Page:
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In Europe, anchor ban met with little more than a shrug

By John Huggan

VIRGINIA WATER, England -- There were, as expected, no surprises. Almost six months on from their original announcement on the now notorious Rule 14-1b, the R&A today joined (simultaneously) with the USGA in confirming that the so-called "anchoring" of putters to any part of the body during a stroke will be deemed illegal starting January 1, 2016.

Related: Understanding the new ban better

"We know that not everyone will agree with our final decision," said chief executive Peter Dawson at a press conference held in the Ryder Cup room of the Wentworth clubhouse. "But we do hope that the care and love for the game that all have expressed through their participation in this process will facilitate acceptance of Rule 14-1b when it takes effect."

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Peter Dawson talks at Tuesday's press conference. (Photo: Getty Images)

In that respect, Dawson was on much firmer ground than his USGA counterpart, Mike Davis. Opposition and/or dissension during this whole process have largely been confined to the western end of the Atlantic Ocean.

"We had no feedback from people saying they would give up golf if long or belly putters were banned," commented Sandy Jones, chief executive of the British PGA. "Plus, we are fully supportive of the R&A as the rule-making body. We like this rule. It will do no harm to the game at any level. I just don't see anyone using them.

"It does seem to be more of an American problem, one that has a lot to do with the speed of the greens over there. Eliminating variables in the stroke is much more helpful when the greens are slick.

Related: Nine notable rule changes in golf history

"Plus, less than one percent of putter sales worldwide are long putters. So where is this big problem? (PGA of America president) Ted Bishop's comments were nonsense really. There is no evidence to support his view. I played with Ted last week at Sawgrass. I use a 32-inch putter and made some good ones with him watching. I told him he was going the wrong way with this thing. Maybe he should be banning the short putter."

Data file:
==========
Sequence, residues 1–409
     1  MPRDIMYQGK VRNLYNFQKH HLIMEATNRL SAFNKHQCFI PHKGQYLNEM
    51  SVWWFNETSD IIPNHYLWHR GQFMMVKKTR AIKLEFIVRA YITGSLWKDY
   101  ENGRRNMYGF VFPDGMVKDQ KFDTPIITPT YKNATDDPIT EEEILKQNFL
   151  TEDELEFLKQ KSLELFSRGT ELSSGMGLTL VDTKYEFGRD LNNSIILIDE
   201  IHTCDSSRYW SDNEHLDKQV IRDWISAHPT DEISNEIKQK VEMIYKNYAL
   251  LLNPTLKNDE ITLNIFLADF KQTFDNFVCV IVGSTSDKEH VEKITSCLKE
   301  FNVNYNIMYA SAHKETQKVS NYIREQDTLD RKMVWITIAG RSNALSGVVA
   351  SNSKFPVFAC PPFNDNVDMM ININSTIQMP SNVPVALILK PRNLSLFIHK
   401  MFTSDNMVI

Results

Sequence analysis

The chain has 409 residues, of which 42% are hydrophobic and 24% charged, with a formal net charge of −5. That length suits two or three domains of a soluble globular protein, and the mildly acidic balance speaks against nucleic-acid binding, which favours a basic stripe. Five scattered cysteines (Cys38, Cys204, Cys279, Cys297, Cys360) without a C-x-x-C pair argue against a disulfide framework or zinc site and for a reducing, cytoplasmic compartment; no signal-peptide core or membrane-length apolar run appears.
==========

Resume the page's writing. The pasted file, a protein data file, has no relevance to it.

Most European Tour players, it is safe to say, feel similarly.

"I agree with what the R&A are doing," said Italian Ryder Cup player, Francesco Molinari, nicely summing up the mood of the majority. "I think it's important that we swing all 14 clubs in the bag and not just 13 of them. I have never liked that guys could anchor their putters to any part of their bodies.

"What the R&A has done is a good compromise. If they had legislated on the clubs themselves, I'm not sure it would have worked. Even with a short putter it is possible to anchor it. So what they have done makes sense to me. Some may argue that they are a bit late in doing what they are doing, but I say it is never too late to do the right thing."

Which is not to say that absolutely everyone on the European Tour is 100 percent behind what Dawson called "the most controversial rule change for a long time."

"After 30 years, I'm not sure it is right to be having such a drastic effect on players who have used it their whole careers," contended leading coach Denis Pugh. "It's an arbitrary call. Having said, that, if we were starting tomorrow I'd rule that the putter has to be the shortest club in the bag and also have the lease loft. Then go play.

"So I can see that long and belly putters are 'wrong.' But they have been wrong for too long. Plus, I think they have overcomplicated things. I can see guys finding ways round this rule."

Related: New putters provide anchoring alternatives

As for those charged with policing will invariably be, in practice, the tiniest of adjustments, European Tour chief referee John Paramor was broadly optimistic about both the immediate future and the brave new putting world post-2016.

"With the all the information that has been forthcoming from the R&A, it isn't going to be too difficult for us to pass it on to the players," he said. "I think the vast majority of players currently using anchored strokes will end up using a method that does not require any judgment calls on our part. We have more than two years to iron out any problems before we get to that stage. So it won't be a problem.

"I can see a small number asking us if their adjustments are OK, but not many. It won't be a problem though. There are many other rules where we rely on the integrity of the players to guide us. I am always asking guys what they were trying to do or intending to do in certain situations. This rule is no different in that respect. Besides, if anyone is close to anchoring after making any adjustments, we have more than two years to have a word with them about it."

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